The Magazine

The Right's New Moral Equivalence

For some conservatives, confidence in America's superiority is flagging

May 8, 2000, Vol. 5, No. 32 • By TOD LINDBERG
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This disaffection can run deep: As a result of some combination of former and ongoing perceived depredations, the United States itself has lost its political and moral legitimacy in the eyes of some significant number of right-leaning Americans. This government has no special claim on justice. Indeed, no government has such a claim. It is not such a leap from the view that the United States lacks legitimacy to the view that Cuba is no different in that regard. The right-wing moral equivalence here precisely mirrors the old left-wing view that the United States was no better than the Soviet Union.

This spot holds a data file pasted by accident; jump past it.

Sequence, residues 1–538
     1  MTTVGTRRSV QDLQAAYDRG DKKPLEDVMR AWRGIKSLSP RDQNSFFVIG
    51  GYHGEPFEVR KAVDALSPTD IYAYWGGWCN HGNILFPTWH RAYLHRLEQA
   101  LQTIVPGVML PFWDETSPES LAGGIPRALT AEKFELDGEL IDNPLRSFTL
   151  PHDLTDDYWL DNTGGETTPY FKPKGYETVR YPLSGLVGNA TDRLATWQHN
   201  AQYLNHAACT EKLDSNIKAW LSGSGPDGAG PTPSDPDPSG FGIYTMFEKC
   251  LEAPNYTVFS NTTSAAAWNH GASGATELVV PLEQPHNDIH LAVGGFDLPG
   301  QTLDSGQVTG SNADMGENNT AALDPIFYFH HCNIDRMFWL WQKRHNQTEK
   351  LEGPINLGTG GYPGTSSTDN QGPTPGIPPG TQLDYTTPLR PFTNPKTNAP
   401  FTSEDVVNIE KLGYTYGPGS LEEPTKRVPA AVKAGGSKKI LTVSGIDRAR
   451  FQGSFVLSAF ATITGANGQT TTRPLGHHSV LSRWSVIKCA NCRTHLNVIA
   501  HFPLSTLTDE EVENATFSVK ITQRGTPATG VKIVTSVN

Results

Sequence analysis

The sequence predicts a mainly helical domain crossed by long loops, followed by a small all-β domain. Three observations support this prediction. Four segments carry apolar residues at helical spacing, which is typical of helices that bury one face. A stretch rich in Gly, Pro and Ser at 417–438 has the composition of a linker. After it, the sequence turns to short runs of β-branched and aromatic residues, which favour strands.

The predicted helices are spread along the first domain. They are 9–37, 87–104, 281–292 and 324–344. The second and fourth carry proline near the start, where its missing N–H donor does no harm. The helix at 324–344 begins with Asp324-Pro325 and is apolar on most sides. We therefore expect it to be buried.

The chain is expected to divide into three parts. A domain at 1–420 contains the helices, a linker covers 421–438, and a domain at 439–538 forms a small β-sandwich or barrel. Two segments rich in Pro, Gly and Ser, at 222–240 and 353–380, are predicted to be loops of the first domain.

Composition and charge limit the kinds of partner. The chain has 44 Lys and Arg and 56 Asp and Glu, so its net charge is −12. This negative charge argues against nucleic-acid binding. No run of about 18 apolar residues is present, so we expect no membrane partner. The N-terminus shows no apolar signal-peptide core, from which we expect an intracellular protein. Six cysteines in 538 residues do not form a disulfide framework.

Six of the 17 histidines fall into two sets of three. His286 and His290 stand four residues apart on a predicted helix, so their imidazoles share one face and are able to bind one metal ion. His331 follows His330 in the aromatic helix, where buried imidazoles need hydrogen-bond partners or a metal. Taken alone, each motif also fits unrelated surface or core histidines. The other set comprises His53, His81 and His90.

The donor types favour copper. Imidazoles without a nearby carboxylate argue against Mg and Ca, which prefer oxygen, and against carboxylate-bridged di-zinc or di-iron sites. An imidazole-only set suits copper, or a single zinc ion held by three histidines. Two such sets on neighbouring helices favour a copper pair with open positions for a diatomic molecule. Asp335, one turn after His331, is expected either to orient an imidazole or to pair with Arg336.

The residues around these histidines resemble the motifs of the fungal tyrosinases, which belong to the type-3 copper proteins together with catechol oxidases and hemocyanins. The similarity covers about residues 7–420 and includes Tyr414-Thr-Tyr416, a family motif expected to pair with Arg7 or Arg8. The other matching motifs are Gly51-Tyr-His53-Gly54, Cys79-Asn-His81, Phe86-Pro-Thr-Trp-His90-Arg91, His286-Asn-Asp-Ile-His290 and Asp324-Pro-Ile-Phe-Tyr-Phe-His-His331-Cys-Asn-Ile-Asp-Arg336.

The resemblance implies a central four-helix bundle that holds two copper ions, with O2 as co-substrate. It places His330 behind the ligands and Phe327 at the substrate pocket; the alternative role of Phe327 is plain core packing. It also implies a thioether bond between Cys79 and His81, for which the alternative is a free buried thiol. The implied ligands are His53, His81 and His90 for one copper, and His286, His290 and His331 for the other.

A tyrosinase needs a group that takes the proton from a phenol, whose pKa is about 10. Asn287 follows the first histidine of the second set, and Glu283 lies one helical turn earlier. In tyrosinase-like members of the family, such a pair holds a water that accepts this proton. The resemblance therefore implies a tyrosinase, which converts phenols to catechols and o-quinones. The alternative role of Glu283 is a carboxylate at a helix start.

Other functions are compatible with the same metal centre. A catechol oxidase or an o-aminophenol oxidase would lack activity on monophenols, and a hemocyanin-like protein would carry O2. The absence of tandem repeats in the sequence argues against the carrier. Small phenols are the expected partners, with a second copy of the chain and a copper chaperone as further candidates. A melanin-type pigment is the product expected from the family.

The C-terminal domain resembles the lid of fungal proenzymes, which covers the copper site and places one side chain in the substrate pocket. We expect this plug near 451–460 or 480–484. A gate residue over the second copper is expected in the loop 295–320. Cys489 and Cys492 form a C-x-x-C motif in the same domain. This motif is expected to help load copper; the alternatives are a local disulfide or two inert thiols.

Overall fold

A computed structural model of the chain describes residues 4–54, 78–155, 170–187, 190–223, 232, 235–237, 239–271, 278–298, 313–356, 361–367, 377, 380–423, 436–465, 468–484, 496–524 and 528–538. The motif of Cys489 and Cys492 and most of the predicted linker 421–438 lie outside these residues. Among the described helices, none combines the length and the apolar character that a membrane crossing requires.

Except that the right-wing version has a vision of redemption. It's to be found in the "sovereign" family and God. Hence, perhaps, the special passion of Largentism for the reuniting of father and son in the Elian case. For if a government can contrive to keep Elian apart from Juan Miguel, how safe are the children in their sovereign family redoubts anywhere in the United States?


Steve Largent himself is probably not as radical as the doctrine described here. He has lately lowered his profile on the subject of Elian, and he is, after all, a part of the government. But he has his finger on the pulse of something whose beat is growing stronger.




Tod Lindberg is editor of Policy Review.